Thiruvananthapuram

31°C

Partly cloudy

Enter word or phrase

Look for articles in

Last Updated Thursday February 22 2018 10:37 PM IST

Sister Act: Why sibling harmony makes great business sense

Text Size
Your form is submitted successfully.

Recipient's Mail:*

( For more than one recipient, type addresses seperated by comma )

Your Name:*

Your E-mail ID:*

Your Comment:

Enter the letters from image :

Shemayal and Shurook

There is no better investment than an understanding partner. What if your business partner is someone who knows your every strong and weak points?

Onmanorama Women presents you the lives and works of four pairs of sisters. Here's the first in the series.

Shemayel and Shurouck from Kozhikode have already tasted success with their mutual love of cakes. They may be pursuing different interests but have a unique ingredient of success - an understanding and supporting sister.

Sugar sisters

cakes

Shemayel and Shurouck do not mind the nick name. They are proud of their mouthwatering creations. The sisters have been struggling to keep up with demand for their cakes since they started a Facebook page in 2014.

“The year I joined for a BBA course in Providence College in Kozhikode, my seniors asked me to bake a cake for them,” Shemayel, the older of the two sisters, said. “They loved my cake. That was perhaps the first recognition that came my way. We started selling cakes to friends. Then someone suggested that we should start a Facebook page. We started it for fun, just to know how many ‘likes’ we could get. When more and more people started ordering with us, we were forced to think of it as a business,” she said.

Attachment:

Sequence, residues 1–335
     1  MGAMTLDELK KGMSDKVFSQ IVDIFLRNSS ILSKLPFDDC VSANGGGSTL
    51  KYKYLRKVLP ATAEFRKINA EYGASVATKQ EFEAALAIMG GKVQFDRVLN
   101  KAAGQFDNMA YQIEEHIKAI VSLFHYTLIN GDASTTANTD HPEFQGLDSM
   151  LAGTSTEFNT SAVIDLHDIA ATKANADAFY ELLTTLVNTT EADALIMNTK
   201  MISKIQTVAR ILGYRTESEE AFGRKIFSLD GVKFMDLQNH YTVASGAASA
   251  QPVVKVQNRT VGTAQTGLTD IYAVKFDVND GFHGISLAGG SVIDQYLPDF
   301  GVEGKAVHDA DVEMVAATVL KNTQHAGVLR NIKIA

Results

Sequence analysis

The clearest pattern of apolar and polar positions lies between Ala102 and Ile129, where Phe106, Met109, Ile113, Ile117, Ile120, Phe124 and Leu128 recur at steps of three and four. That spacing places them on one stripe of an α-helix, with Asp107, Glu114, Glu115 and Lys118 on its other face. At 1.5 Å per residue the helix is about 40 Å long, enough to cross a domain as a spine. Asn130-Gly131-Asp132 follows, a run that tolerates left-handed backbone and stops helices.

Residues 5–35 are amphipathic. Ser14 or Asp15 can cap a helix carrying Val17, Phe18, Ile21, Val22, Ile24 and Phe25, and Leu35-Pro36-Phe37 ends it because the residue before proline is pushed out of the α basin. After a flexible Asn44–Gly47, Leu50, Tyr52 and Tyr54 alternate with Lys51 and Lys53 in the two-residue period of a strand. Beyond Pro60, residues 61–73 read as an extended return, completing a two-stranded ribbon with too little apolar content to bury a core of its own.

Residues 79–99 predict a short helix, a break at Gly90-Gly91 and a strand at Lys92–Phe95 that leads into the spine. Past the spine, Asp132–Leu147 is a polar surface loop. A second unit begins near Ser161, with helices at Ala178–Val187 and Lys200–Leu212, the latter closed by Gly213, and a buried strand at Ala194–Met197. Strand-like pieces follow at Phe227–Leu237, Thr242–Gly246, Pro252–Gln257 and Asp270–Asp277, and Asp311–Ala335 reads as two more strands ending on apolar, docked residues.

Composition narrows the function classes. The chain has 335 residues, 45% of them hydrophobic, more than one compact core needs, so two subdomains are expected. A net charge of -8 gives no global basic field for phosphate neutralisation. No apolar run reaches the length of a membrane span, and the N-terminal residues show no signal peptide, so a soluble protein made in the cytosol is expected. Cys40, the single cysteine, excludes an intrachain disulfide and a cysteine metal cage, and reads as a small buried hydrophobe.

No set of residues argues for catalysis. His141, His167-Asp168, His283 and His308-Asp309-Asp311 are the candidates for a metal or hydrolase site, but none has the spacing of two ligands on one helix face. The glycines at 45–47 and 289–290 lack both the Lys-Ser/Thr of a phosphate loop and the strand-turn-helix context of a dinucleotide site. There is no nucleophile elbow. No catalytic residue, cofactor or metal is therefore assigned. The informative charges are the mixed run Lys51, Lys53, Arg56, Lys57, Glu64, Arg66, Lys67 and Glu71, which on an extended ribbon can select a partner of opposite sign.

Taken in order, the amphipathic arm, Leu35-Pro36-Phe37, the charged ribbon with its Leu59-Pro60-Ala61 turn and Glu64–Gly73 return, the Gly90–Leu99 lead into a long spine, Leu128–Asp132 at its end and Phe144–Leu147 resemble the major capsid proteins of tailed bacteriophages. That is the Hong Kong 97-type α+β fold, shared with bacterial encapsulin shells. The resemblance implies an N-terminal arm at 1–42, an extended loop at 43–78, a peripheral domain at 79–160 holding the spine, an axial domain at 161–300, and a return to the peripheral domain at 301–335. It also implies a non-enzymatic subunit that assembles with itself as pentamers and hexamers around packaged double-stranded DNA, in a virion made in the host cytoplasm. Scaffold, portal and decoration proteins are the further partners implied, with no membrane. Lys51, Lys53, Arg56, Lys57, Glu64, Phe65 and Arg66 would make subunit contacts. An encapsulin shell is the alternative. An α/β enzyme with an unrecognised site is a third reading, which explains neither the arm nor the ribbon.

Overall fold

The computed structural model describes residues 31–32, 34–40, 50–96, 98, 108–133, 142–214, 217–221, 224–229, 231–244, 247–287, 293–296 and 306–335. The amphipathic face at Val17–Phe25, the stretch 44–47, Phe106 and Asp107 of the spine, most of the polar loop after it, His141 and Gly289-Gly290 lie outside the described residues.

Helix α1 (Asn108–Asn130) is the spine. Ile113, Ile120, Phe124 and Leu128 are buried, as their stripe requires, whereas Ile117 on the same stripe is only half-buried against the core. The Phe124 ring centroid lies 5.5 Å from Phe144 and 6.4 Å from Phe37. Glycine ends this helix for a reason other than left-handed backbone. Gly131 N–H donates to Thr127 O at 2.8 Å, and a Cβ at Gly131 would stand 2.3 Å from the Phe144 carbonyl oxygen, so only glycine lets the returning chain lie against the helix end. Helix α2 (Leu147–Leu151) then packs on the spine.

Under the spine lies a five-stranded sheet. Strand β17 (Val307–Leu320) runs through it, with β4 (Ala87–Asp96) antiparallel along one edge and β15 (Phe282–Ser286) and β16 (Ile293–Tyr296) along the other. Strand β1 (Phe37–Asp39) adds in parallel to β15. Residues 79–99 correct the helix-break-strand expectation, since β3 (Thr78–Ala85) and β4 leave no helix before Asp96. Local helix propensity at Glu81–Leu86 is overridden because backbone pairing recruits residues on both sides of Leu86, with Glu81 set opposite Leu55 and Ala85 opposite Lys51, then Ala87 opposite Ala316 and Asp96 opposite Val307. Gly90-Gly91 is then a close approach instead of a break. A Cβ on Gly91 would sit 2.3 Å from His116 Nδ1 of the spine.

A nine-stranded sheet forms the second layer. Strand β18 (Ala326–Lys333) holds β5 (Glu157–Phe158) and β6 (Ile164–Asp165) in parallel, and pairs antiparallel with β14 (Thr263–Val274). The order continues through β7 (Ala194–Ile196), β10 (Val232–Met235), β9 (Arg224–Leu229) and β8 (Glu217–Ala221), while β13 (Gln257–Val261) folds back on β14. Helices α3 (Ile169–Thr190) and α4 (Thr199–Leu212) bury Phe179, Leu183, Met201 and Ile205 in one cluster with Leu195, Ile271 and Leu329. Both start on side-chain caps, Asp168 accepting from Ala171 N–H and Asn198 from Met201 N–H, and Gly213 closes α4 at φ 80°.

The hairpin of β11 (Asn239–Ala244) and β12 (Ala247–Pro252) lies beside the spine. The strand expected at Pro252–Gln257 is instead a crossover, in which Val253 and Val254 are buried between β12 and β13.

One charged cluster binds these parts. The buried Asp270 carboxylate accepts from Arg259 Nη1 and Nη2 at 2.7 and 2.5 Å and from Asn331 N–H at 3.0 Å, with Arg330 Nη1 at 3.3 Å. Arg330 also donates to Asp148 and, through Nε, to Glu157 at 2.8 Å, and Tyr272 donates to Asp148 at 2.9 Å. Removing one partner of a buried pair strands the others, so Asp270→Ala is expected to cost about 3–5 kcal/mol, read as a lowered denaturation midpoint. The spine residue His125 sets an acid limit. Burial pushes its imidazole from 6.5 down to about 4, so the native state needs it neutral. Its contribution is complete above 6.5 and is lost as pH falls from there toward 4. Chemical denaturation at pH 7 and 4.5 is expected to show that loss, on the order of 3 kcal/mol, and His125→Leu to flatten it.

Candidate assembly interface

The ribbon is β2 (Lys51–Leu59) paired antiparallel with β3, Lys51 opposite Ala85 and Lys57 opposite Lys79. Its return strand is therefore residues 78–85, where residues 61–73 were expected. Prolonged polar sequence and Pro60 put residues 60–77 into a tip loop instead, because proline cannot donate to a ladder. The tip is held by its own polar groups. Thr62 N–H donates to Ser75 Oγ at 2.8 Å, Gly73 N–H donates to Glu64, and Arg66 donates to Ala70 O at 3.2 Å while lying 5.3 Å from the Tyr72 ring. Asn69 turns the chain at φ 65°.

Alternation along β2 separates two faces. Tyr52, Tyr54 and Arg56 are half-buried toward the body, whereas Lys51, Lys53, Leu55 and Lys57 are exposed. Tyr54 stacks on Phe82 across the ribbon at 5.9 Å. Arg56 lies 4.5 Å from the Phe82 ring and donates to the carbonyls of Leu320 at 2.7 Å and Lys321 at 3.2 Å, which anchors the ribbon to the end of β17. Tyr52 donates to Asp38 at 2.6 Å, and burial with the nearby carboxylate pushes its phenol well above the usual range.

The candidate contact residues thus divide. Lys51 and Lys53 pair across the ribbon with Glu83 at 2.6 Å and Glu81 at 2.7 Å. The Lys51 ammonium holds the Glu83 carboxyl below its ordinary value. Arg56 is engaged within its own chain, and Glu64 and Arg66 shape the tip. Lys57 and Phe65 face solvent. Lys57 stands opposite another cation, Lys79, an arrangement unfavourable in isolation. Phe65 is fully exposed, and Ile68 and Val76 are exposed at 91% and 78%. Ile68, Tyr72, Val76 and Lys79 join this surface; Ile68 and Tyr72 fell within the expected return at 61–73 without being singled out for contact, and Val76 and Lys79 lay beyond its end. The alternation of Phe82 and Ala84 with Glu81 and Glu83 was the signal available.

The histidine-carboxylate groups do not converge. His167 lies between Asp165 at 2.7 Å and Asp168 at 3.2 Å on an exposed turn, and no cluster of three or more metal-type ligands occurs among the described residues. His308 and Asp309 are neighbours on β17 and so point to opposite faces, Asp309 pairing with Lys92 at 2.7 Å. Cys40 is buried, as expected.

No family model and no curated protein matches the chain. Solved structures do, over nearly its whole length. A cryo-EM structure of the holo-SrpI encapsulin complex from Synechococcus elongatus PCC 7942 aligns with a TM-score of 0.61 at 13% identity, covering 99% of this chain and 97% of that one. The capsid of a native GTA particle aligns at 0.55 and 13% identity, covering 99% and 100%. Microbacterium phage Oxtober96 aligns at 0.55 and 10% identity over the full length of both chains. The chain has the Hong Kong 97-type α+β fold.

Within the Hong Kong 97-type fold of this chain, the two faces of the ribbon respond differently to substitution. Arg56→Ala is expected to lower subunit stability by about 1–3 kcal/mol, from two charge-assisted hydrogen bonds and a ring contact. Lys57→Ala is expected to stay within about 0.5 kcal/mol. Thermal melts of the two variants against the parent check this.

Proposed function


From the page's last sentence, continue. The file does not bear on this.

The sisters learned how to bake from their mother Amal. They never had enough of mamma’s special chocolate mud cake. Amal, however, slowed down on baking when she saw that her daughters were moving to the heavy side. If you want a cake, bake one, she said.

The girls did exactly as their mother told them. They baked their first cake. They were constantly trying out different recipes and ideas. The end result was always to the liking of both bakers.

They made their mark in the culinary scene of Kozhikode by presenting a seven-level seven-flavored rainbow cake.

Shemayal, aged 23, and Shurook, aged 21, owe their business acumen to their father Salim. And they have a difficult judge of their cakes in little brother Aslam. The eight-grade student is hard to please, they said.

They have made themselves endearing to the children by decorating birthday cakes in Dora, Chota Bheem and Barbie themes. They marvel in seasonal theme cakes, three-tier cakes and 3D cakes. They earn around Rs 50,000 a month on average.

“We have a clear division of labor. That helps us complete an order in a given time,” said Shurook, who is in her third year of economics degree course at the Farook College.

Ask them their favorite and they would reply in chorus. A cake they made for a hardcore fan of Dulquer Salmaan. The cake was themed on the characters the actor had played in different movies. Now they want to gift a better cake to Salmaan.

Read: Women Business News | For this Milan-based design expert, India is a huge inspiration

The opinions expressed here do not reflect those of Malayala Manorama. Legal action under the IT Act will be taken against those making derogatory and obscene statements.

Email ID:

User Name:

User Name:

News Letter News Alert
News Letter News Alert